Cerebrospinal Fluid Leak

The brain is protected from physical trauma and infection by a clear fluid called cerebrospinal fluid, or CSF. It is possible for tiny breaks to develop in the barrier between the roof of the sinuses and the brain, which can allow small amounts of cerebrospinal fluid to leak out through the nasal cavity. The diagnosis of a CSF leak is complicated by the fact that the colorless fluid resembles normal nasal drainage caused by inflammatory conditions, such as allergies and sinusitis.

Causes of CSF Leaks

The majority of cerebrospinal fluid leaks are the result of trauma following a head injury or surgery involving the head or sinuses. In rare cases, a patient with increased intracranial pressure may develop a spontaneous CSF leak in the absence of trauma. This is referred to as idiopathic intracranial hypertension, or IIH. This condition affects approximately 1 in 100,000 people.

 

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Risk Factors

Cerebrospinal fluid leaks are most common in adults between the ages of 20 and 45. Women and individuals who are obese are also at greater risk of developing a CSF leak.

Symptoms of a CSF Leak

Most patients with a cerebrospinal fluid leak experience a steady drip of clear fluid draining from the nose. The drip normally affects only one nostril and may be accompanied by headaches. If left untreated, a CSF leak can lead to meningitis, which is a life-threatening infection involving the lining of the brain. Patients who develop meningitis as the result of a CSF leak require hospitalization along with intravenous antibiotics. The suspicion of a cerebrospinal fluid leak increases in patients who have had a recent meningitis infection at the time that they are evaluated, even if the location of the leak is unclear.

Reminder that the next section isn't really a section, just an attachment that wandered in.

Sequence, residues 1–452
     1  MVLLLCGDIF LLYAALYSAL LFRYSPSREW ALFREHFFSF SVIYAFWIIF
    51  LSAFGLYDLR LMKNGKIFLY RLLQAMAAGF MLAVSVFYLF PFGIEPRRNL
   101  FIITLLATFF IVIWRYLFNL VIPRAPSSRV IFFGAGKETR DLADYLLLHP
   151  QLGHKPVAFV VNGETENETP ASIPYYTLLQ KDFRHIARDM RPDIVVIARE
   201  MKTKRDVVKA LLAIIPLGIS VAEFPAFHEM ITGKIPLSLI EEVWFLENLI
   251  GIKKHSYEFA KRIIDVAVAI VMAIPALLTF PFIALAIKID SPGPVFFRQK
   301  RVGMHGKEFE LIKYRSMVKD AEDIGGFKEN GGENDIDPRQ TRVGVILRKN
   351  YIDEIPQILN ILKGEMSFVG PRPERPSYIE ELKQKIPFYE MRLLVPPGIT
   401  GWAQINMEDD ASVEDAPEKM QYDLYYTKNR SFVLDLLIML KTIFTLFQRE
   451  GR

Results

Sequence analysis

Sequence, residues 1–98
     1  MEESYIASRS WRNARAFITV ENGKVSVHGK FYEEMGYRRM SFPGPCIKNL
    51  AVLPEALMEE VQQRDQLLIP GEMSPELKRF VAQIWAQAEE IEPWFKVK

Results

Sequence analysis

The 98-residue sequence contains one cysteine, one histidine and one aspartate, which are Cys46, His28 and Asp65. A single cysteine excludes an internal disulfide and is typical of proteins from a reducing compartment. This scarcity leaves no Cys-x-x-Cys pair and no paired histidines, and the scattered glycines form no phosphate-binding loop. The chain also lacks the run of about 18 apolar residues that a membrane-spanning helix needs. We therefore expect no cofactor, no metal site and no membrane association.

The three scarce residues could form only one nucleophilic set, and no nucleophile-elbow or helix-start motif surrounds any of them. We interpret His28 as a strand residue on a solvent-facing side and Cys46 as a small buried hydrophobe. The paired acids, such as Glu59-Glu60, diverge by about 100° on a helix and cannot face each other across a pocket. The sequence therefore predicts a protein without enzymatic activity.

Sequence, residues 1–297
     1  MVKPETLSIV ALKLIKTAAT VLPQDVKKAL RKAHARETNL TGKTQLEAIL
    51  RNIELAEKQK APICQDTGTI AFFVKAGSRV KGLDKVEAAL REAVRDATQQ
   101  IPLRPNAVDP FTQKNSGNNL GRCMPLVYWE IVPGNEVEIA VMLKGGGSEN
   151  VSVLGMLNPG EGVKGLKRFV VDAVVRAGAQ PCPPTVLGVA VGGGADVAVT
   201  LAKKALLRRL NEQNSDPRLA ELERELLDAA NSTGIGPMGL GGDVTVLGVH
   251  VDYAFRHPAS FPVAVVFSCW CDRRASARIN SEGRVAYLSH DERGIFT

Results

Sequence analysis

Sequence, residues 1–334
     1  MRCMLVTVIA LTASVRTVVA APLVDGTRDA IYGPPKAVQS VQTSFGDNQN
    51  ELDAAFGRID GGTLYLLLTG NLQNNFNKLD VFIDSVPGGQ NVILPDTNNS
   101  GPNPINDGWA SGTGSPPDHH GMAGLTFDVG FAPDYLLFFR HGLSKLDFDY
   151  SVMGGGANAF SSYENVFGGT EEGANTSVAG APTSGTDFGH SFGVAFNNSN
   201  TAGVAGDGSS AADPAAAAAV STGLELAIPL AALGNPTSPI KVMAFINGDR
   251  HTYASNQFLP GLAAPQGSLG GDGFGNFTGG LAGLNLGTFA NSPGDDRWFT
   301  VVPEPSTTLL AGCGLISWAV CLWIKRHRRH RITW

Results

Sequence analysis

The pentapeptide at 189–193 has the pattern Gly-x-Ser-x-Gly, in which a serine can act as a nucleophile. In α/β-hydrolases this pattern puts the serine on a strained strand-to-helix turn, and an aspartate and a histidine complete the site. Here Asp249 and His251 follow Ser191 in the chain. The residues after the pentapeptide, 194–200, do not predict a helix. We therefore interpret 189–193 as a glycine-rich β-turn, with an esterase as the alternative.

How Cerebral Spinal Fluid Leaks are Diagnosed

The diagnosis of a CSF leak begins with a complete evaluation that includes the patient’s current symptoms, past medical history, and a physical examination. The doctor may use a sterile container to collect a sample of fluid in order to determine if it is cerebrospinal fluid. Once a CSF leak is confirmed, an MRI or CT of the sinuses may be used to pinpoint the location of the leak and determine the best strategy for repairing the defect.

How CSF Leaks are Treated

In most cases, the management and treatment of CSF leaks requires a multidisciplinary approach involving various specialties. Prior to surgery, a neurosurgeon may be consulted to insert a lumbar drain that will help decompress the cerebrospinal fluid space. Most defects can be repaired using a minimally invasive approach without the need for an external incision. An endoscope is inserted through the nose that allows the doctor to visualize the exact location of the leak and repair the defect. The leak is repaired using tissue that is typically taken from inside the patient’s nose.

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